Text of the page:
Castle Rock dominates the city
centre of Edinburgh today. This
volcanic rock is one of the reasons
why three Celtic tribes settle in this
area. In the 7
th
century the An-
glo-Saxons invade, with their King
Edwin destroying the small Celtic
settlement. Upon gaining victo-
ry, King Edwin builds a fortress on
Castle Rock which he christenes
Edwinesburgh.
7th century AD
In 1074, Malcom III Canmore, King of Scotland,
expands the fortress to a castle and uses it as
his royal residence. Since 1124, his son David
I helds court in Edinburgh and founds Augus-
tinians-Abbey Holyrood.
Due to the security provided by the Abbey and
the Castle, the city of Edinburgh is now able to
expand. The city develops between these two
buildings and its main street, The Royal Mile,
is build. Aristocrats, workers and craftsmen
live next to each other in overcrowded narrow
streets. Due to the limited space, the hous-
es are extremely tall, some even reaching up
to 15 levels. Edinburgh is granted municipal
rights in the 12
th
century. These new munic-
ipal (town) rights mean that Edinburgh is no
longer considered a village.
Around 1100
In 1450, a town wall is build around
the Old Town and Grassmarket.
James II, King of Scotland, de-
clares Edinburgh the new capital
city of Scotland in 1437. As a re-
sult, Edinburgh becomes larger and
more significant. 15,000 residents
live in Edinburgh in the year 1550.
15th Century
16th Century
In 1513, the Golden Age ends with the death of James IV, King of Scot-
land. After the Kings death, the 16
th
century is marked by religious
and political disturbances. The Reformation of the Scottish Catholic
Church splits the entire society. Calvinism becomes the new favoured
religion, and is promoted under the leadership of the influential politi-
cian John Knox.
Edinburgh is not only affected by the religious riots. To make this time
even more tumultuous, a huge fire breaks out, destroying the main
part of the city. During this time, King Henry VIII of England decides to
conduct a campaign against the capital of Scotland. His son has been
expected to marry Mary Stuart, Queen of Scots, but she was able to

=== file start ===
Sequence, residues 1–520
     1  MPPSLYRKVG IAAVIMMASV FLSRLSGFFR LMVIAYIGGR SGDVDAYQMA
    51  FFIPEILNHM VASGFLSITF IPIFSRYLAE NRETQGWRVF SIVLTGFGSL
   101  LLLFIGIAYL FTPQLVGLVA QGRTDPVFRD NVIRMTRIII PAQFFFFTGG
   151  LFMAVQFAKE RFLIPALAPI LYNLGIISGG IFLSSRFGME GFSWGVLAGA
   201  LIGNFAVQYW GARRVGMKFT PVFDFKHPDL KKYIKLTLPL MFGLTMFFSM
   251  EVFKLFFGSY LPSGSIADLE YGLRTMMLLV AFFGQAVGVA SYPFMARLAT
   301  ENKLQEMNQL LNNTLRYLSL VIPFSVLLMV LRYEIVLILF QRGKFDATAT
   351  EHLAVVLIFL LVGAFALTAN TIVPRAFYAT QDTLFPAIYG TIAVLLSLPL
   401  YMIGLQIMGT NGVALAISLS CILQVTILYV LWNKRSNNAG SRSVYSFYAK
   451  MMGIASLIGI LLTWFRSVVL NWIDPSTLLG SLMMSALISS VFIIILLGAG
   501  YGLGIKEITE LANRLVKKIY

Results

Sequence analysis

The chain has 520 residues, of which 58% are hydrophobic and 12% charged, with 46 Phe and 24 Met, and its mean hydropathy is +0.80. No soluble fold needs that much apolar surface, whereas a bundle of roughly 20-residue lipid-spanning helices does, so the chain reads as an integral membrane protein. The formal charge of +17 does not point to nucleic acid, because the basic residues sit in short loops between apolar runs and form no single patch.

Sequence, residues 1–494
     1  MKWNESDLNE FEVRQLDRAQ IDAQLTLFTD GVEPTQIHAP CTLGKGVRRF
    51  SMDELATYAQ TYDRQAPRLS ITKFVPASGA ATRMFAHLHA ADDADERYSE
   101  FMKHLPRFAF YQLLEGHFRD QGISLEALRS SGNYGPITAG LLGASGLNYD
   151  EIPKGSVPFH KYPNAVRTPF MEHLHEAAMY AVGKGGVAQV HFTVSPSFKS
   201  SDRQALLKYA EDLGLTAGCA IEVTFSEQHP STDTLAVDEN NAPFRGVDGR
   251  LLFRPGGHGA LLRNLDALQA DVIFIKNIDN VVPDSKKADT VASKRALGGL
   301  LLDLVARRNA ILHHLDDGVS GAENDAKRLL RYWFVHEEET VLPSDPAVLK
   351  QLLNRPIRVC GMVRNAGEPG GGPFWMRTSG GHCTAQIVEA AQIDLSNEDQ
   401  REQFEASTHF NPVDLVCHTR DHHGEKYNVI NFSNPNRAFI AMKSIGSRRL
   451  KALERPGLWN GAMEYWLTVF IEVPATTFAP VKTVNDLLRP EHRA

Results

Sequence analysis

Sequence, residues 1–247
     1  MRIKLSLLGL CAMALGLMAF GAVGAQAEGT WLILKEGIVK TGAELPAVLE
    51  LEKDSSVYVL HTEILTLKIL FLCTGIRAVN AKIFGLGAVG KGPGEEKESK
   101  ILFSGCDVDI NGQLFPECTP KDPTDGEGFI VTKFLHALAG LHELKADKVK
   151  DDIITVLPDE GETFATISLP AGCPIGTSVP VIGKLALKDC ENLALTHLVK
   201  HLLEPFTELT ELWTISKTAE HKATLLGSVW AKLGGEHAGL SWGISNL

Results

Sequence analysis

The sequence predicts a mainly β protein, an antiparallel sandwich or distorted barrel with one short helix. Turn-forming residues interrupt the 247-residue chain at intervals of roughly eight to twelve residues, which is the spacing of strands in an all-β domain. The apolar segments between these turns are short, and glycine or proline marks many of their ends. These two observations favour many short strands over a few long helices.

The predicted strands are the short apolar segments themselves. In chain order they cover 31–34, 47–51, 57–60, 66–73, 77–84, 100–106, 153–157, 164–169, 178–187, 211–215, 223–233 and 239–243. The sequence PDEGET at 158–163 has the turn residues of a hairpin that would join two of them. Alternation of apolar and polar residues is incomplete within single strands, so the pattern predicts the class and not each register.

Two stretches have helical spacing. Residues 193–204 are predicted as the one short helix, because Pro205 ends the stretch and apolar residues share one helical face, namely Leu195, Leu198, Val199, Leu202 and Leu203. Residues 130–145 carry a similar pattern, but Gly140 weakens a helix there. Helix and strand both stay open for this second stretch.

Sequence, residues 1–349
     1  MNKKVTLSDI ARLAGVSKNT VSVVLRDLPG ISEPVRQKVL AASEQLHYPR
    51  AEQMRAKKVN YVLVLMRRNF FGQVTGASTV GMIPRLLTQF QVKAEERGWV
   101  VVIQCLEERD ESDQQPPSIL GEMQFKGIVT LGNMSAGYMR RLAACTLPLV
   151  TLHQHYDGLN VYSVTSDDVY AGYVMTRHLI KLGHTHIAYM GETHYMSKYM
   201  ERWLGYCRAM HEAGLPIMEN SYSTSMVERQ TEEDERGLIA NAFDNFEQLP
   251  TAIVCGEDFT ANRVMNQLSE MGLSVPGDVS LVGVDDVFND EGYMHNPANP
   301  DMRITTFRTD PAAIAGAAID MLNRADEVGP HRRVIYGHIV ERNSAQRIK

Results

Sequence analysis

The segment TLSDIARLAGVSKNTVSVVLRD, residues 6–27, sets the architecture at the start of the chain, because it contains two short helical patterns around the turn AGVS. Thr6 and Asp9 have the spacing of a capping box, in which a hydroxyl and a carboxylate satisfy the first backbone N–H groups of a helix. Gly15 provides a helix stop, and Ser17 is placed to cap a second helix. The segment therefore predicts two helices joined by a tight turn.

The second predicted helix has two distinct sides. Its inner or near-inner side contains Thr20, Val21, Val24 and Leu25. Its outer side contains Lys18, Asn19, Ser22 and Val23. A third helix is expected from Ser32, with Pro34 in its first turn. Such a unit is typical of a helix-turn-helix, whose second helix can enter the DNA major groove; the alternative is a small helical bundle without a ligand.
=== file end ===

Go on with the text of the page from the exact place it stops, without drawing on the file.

escape to France. As a result, the English troops consequently invade
Edinburgh.
Shortly after this, the Plague, or the Black Death torments the city.
Approximately 1000 people are killed during this era of merciless dis-
ease.
In 1603 James VI is coroneted King
of Scotland and England. He makes
the decision to relocate his court
to London. It was the first step to-
ward the Act of Union in 1707, when
Scotland united with England to form
Great Britain.
The 18th century promotes creativity
in Edinburgh. Due to the Union of
Parliaments funds go into artistic,
economical and scientific sections.
The University of Edinburgh develops
18th Century
In 1996 the City of Edinburgh
Council is established. Years later,
as a result of the 1999 referendum,
the Scottish Parliament is opened
by Queen Elizabeth I. During this
era, the historical Stone of Destiny
finally find its way back home. The
English people transport it from
Westminster Abbey back to Ed-
inburgh Castle. When visiting the
castle today, visitors are given the
opportunity to admire this glorified
stone.
into a centre of research. Adam
Smith, Robert Burns, Walter Scott
and Robert Louis Stevenson write
their famous texts inspired by the
City of Edinburgh.
Overpopulation becomes a serious
issue during this era. As a result, city
councillors decide to build a new
district on the foot of
Castle Rock. The construction of the
classical New Town begins in 1767
and is completed one generation
later.
Gina Gnther
21th Century
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Edinburgh for
Newbies